Russian journalist sells Nobel Peace Prize for $103.5 million — Analysis
The editor-in-chief at Novaya Gazeta Dmitry Muratov sold his medal in auction to support Ukrainian children
Russian journalist Dmitry Muratov put up $103.5 million to auction his Nobel Peace Prize gold Medal. Novaya Gazeta editor-in chief Dmitry Muratov said Monday that he would donate the entire amount to UNICEF in order to assist Ukrainian families and children who are being displaced due to the current military conflict.
Muratov is co-founder and editor-in chief of the independent Russian newspaper Novaya Gazeta. Maria Ressa, a Filipino journalist, was awarded the Nobel Peace Prize for October 2021. “efforts to safeguard freedom of expression.”
He initially stated that he was going to be selling his prize on March 22. But, he finally decided to put the item up for auction at Heritage Auctions in New York City on May 20, which coincides with World Refugee Day. First bid was $700,000. It quickly rose to $16.6 million. A few days later, an anonymous bidder made $103.5million for the 23 carat gold medal. It was not possible to match it by any other participant.
In the past, the highest amount paid by anyone for a Nobel prize award medal was for James Watson in 2014. He won the Nobel prize for discovery of the DNA structure in 1962 and sold it for $4.76million.
“I was hoping that there was going to be an enormous amount of solidarity,”Muratov spoke out after the sale. “But I was not expecting this to be such a huge amount.”
Muratov first stated that he would sell his medal for charity to benefit the children of Ukraine when he made that announcement. “we thought about this for a long time with the editing team of Novaya Gazeta and we realized that there are people who have it much worse than we do. Refugees. Sick Ukrainian children. It’s much worse for them than it is for us.”He said that the auction of the prize had been supported by “100%” of the newspaper’s staff.
Muratov stated previously on Telegram that this auction was “an act of solidarity”With the “over 10 million Ukrainian refugees”He called it the Russian invasion, and he had them displaced. “a tragedy”.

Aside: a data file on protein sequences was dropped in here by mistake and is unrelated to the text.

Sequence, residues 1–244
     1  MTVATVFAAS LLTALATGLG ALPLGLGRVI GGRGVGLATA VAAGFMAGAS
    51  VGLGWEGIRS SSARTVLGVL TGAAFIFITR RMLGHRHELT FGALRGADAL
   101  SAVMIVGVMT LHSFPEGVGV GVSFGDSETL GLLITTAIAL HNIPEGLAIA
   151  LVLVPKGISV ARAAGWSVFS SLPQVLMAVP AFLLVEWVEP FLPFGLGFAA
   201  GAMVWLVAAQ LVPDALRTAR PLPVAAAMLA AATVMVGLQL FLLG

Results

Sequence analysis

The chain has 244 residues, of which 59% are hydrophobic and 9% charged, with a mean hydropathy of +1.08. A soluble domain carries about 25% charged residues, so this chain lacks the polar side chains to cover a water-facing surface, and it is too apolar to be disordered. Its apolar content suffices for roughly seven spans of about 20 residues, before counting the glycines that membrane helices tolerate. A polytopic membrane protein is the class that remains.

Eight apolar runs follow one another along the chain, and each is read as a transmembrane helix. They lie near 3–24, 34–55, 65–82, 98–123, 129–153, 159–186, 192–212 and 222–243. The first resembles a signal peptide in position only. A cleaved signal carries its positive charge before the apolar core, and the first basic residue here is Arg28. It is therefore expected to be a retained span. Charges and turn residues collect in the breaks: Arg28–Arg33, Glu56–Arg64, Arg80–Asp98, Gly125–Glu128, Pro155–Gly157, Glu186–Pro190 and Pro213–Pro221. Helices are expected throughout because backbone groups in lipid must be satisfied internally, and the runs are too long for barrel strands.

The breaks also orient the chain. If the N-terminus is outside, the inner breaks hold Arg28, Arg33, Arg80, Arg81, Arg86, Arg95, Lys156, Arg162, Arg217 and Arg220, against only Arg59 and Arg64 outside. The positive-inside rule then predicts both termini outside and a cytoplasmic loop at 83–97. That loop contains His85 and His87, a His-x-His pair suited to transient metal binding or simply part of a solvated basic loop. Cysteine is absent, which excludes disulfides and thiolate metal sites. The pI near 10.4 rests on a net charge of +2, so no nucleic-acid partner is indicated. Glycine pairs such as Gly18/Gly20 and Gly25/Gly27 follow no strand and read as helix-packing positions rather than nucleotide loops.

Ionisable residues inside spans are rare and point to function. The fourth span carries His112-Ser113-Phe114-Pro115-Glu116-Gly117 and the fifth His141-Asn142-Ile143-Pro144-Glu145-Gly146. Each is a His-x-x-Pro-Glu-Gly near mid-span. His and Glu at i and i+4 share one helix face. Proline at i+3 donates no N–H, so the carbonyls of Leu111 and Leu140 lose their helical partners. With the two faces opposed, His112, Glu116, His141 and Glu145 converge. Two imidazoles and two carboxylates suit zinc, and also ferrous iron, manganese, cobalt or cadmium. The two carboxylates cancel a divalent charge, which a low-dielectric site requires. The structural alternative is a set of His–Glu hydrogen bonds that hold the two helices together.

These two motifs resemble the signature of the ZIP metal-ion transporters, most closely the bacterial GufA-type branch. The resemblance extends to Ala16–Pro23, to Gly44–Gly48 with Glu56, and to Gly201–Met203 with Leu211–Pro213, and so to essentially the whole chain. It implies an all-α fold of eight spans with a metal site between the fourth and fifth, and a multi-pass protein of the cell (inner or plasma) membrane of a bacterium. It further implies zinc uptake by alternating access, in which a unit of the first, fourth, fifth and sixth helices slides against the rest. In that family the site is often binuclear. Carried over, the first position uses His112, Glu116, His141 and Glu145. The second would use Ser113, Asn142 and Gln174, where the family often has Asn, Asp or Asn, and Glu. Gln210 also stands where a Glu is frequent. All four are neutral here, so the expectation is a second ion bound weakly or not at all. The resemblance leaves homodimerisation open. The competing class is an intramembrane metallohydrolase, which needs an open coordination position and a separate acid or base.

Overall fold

Muratov explained why UNICEF was chosen as the beneficiary of the funds. He stated that Novaya Gazeta employees valued the fact that UNICEF did not have to be associated with any particular government. This allowed it to operate without boundaries. Muratov stated that he is particularly concerned for the children left behind by the conflicts in Ukraine. “to return their future.”
Dmitry Peskov (Kremlin spokesperson) commented on Muratov’s decision not to pay the money for UNICEF. UNICEF aids Ukrainian refugees all over the globe including in Russia. Any contribution, particularly in relation to children’s welfare, is welcome.”
Peskov, speaking to journalists on Tuesday said that Ukraine’s refugee crisis, especially for those arriving on Russian territory, is growing and that many are offering all they can to help. “with an open heart.”
“It has to become a beginning of a flashmob or example to follow so people auction their valuable possessions to help Ukrainian refugees,”Heritage Auctions had a video that Muratov released ahead of the auction.
Novaya Gazeta decided to suspend its operations both online and in print on March 28 after receiving two warnings from Russian media regulators for failing to identify “foreign agent” entities as such in its articles. Russian law allows a publication to have its licence revoked if it receives at least two warnings.
Muratov, who has openly opposed Moscow’s military offensive against Kiev, stated that the newspaper would not resume operations until “the end of the special operation on the territory of Ukraine.”
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